I am working on several research topics. These are not presented in any particular order -- I turn my attention to each topic as time permits and as the interests of my students and colleagues proceed.

Much of my work is concerned with using or developing the ACL2 theorem proving system.

We are working on a formal specification for a small subset of the X86 instruction set architecture (ISA). Attempting to specify the entire X86 ISA would require a very substantial effort -- well beyond our available resources. Even so, we believe our subset may have utility to some. Microsoft has been generous enough to provide us with some support to further this effort.

As a starting point, we have develped an ACL2-based specification of the Y86 microprocessor which is described in "Computer Systems, A Programmer's Perspective" by Bryant and O'Hallaron. The Y86 is a very simple microprocessor, with a X86-like ISA; we are using this specification as a starting place for our effort. The source files for the model, whend loaded into ACL2, provide a running simulator of the Y86 microprocessor design.

We believe that developing a formal instruction-set architecture (ISA) specification for the X86 architecture could serve a number of purposes.

We believe that such a model should provide a means to specify a multiprocessor configuration, so it will be necessary to evolve a "memory centric" specification that permits interleaved execution. Each copy of an ISA processor specification, whether virtual (as in the case of hyper-threading) or physical (such as with multi-core implementations), must include its own register file, user/supervisor state, interrupt controller, and memory management unit.

In light of the complexity of the X86 ISA architecture and the sheer amount of work necessary to create such a formal model, it will have to be done in pieces. Here are some obvious elements.

We have nearly completed elements (1), (2), (3), and (4), including all of the address modes. The allows a skilled ACL2 user to prove the correctness of single-threaded, user-level programs. Our X86 specification can simulate integer-only, user-level programs generated by the GNU and LLVM compilers. We validate our evolving model by co-simulation against real X86 processors. Our X86 specification project has its own Website, where there is information about our progress.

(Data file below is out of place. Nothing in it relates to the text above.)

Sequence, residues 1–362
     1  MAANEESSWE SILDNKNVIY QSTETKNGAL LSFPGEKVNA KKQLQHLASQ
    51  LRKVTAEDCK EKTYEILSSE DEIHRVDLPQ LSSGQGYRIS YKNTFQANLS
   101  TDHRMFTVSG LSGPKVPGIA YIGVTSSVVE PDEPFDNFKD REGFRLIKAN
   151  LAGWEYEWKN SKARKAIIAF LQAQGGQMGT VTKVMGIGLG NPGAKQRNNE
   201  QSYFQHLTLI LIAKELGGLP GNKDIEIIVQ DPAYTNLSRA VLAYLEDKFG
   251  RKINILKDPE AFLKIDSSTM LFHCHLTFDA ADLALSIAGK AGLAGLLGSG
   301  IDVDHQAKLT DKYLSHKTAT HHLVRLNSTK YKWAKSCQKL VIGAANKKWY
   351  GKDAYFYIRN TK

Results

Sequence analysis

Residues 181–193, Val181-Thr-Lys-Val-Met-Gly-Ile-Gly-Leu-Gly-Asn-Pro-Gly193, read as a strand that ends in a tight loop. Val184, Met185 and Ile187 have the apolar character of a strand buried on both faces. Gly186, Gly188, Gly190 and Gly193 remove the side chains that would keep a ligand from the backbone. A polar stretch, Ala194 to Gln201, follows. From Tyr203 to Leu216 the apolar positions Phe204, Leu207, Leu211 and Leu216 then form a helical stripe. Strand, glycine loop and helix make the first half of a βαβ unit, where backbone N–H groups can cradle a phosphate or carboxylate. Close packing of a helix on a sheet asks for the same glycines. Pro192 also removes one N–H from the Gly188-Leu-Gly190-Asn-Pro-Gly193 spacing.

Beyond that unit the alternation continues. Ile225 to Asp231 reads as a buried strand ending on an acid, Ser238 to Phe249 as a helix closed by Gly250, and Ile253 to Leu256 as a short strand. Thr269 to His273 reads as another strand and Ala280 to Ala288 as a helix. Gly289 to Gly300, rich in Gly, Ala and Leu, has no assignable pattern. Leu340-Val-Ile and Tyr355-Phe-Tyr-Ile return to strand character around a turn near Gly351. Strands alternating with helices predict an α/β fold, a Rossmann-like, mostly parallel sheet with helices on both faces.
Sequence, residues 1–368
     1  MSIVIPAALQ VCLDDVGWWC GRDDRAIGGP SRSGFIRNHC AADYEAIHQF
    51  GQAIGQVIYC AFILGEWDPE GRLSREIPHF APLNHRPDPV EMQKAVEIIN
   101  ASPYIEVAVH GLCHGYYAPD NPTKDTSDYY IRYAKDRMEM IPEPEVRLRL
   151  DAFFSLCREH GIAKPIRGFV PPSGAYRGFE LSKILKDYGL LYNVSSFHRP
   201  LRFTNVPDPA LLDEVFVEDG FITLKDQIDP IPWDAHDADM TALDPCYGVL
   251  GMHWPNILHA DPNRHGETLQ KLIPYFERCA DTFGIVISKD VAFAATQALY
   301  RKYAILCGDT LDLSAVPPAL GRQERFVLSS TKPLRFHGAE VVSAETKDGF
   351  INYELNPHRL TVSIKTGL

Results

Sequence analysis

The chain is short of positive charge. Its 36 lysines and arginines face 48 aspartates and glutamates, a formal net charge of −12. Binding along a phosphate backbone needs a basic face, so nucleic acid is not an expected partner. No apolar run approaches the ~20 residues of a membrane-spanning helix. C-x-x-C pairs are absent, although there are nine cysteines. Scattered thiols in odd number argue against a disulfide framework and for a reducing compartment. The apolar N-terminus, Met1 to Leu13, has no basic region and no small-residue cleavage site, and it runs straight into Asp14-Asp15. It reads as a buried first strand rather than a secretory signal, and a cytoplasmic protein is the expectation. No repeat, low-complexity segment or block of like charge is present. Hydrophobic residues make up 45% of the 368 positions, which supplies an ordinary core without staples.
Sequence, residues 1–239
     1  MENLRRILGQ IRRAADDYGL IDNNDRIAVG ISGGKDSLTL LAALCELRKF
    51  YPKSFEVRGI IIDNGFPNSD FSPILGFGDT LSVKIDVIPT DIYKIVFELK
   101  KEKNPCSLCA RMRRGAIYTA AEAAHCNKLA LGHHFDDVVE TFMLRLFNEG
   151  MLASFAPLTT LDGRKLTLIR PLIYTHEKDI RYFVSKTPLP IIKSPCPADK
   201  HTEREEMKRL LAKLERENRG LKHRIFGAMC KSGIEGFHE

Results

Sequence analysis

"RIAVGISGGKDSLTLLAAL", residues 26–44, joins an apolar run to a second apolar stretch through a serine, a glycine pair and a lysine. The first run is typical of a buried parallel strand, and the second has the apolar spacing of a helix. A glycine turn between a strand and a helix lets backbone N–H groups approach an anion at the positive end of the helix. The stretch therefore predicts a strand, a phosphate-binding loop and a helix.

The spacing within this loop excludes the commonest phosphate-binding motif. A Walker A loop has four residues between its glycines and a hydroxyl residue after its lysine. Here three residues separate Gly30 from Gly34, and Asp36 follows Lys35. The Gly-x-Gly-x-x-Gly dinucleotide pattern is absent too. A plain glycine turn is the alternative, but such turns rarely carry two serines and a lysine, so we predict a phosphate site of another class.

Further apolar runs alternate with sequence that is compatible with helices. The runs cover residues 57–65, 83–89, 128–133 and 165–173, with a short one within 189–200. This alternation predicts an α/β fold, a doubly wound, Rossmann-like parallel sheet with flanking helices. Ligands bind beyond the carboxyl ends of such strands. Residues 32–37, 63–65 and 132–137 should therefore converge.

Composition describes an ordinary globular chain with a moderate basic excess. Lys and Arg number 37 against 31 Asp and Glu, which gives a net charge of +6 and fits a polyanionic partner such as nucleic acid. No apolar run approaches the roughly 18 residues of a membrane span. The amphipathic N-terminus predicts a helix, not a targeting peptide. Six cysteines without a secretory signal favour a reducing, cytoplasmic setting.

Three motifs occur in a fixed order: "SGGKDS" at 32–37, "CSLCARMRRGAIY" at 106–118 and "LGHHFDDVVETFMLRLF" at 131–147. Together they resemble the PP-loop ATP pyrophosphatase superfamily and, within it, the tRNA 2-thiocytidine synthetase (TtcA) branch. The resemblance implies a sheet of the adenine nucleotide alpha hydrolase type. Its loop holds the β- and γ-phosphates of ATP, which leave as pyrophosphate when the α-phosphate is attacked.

Bob Boyer and I have been working on an implementation of Hash CONS for use within ACL2. This effort extends the core capabilities of the ACL2 system.

We have developed an extension of ACL2 that includes the implementation of hash-based association lists and function memoization; this makes some algorithms execute more quickly. This extension, enabled partially by the implementation of Hash-CONS, represents ACL2 objects in a canonical way, thus the comparison of any two such objects can be determined without the cost of descending through their CONS structures. A restricted set of ACL2 user-defined functions may be memoized; the underlying implementation may conditionally retain the values of such function calls so that if a repeated function application is requested, a previously computed value may instead be returned. We have defined a fast association list access and update functions using hash tables. We provide a file reader that identifies and eliminates duplicate representations of repeated objects, and a file printer that produces output with no duplicate subexpressions.

We have a small collection of other papers related to Hash CONS. If you believe a good reference is missing, please send us a pointer.

We formalized the DE2 hierarchical, occurrence-oriented finite state machine (FSM) language, and have developed a proof theory allowing the mechanical verification of FSM descriptions. Using the ACL2 functional logic, we have defined a syntactic well-formedness predicate and a symbolic simulator that defines the DE2 cycle-based simulation semantics. DE2 is deeply embedded within ACL2, and the DE2 language includes an annotation facility that can be used by programs that manipulate DE2 descriptions; this facility may restrict the use of defined modules or it may provide other module information. The DE2 user may write and prove the correctness of programs that generate DE2 descriptions.

Erik Reeber (mostly) and I have been developing this language as a vehicle to explore how we should extend current hardware description languages to make them more useful to the design process. For instance, the DE2 language permits a number of embedded annotations -- these annotations are first class parts of a design description and they can be analyzed just like the functional specification part.